Chisquare distribution is also a popular statistical method used in business research to identify, measure, and understand the differences (if any) between variables within a given population. If a company is testing customer behaviors or products, both common in numerous business scenarios, they can determine how customers or products in any suggested category are different than what might have originally been expected. Essentially, they can find out if the outcome is because of some kind of random error, or if the difference is real and can be calculated as such.
For example, a business can collect random samples from 400 different customers, conduct a survey related to these samples, and observe the actual distribution and categorical difference across their samples. Then a chisquare test can be conducted to either validate or offer further context for the observed frequencies. The business can thereby understand if there’s a statistical difference between how the different categories replied to any given question.
It’s important to note that this doesn’t offer any insights into the exact degree of distinction between the categorical responses. Also, this test requires numerical values rather than ratios or percentages, which may be limiting to the versatility of the types of processes that can be used to perform the test. This is why this test is usually left to professional statisticians or analysts with experience and access to supportive software programs.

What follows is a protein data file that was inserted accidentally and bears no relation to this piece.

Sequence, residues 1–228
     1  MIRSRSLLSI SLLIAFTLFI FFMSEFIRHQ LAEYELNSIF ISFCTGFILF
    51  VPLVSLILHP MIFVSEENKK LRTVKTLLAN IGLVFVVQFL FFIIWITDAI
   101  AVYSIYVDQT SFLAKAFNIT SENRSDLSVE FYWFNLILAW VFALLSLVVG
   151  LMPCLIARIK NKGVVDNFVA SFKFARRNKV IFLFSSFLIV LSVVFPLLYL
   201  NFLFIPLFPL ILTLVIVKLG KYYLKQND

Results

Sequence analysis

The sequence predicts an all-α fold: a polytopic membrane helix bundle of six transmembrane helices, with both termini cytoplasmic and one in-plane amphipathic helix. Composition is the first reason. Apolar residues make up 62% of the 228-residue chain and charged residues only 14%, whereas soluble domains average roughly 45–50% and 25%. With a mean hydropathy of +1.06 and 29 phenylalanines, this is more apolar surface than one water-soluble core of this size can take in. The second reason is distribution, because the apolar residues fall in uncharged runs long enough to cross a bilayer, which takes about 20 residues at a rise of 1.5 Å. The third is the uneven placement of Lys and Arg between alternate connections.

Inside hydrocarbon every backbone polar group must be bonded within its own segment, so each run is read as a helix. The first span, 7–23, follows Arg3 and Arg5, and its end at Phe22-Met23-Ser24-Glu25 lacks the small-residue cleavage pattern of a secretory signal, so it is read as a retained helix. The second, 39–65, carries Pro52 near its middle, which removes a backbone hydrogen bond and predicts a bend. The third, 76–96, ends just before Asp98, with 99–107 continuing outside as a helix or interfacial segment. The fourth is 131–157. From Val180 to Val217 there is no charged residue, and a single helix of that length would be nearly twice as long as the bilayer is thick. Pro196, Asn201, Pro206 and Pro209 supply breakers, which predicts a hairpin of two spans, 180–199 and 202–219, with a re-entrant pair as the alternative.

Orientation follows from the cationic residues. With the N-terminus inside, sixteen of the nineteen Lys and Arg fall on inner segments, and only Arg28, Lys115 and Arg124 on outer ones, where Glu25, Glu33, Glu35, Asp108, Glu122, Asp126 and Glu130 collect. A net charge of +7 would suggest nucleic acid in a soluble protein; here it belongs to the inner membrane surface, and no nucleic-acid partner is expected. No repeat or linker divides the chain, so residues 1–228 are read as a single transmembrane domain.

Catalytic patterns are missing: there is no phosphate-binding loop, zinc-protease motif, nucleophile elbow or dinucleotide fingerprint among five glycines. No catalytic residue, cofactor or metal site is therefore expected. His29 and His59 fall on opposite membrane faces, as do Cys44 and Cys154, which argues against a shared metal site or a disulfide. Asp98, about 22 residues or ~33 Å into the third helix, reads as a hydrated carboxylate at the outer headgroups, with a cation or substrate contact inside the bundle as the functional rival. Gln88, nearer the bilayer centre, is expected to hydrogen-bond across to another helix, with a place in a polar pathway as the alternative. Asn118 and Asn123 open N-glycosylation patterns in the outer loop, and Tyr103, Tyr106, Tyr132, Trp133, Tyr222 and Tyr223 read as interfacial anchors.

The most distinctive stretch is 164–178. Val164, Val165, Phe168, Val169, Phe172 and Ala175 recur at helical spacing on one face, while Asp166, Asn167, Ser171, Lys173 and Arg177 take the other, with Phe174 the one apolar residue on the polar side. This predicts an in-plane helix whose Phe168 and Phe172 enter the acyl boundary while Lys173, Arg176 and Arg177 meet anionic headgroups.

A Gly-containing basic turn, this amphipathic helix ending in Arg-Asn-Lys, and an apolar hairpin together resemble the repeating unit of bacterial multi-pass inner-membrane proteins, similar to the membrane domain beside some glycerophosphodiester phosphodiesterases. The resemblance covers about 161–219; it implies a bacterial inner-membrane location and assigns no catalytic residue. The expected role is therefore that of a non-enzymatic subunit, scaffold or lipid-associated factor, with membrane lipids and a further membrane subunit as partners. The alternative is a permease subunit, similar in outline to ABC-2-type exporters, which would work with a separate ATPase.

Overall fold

Provides robust context
Necessary test calculations offer robust information regarding group performance in any given study, enabling deeper research understanding.

Application for complex studies and tests
It’s an ideal test for research projects or studies in which parametric assumptions can’t be accounted for or met.

Versatile data handling
It’s a versatile technique for evaluating data from either a twogroup or a multiplegroup study with equal success.

Customer associations
It can determine potential associations between customer demographics, like gender or income bracket, and their brand preferences.

Financial service personalization
It can be used to identify whether or not demographics play a role in the financial channel or product partiality, to help personalize services.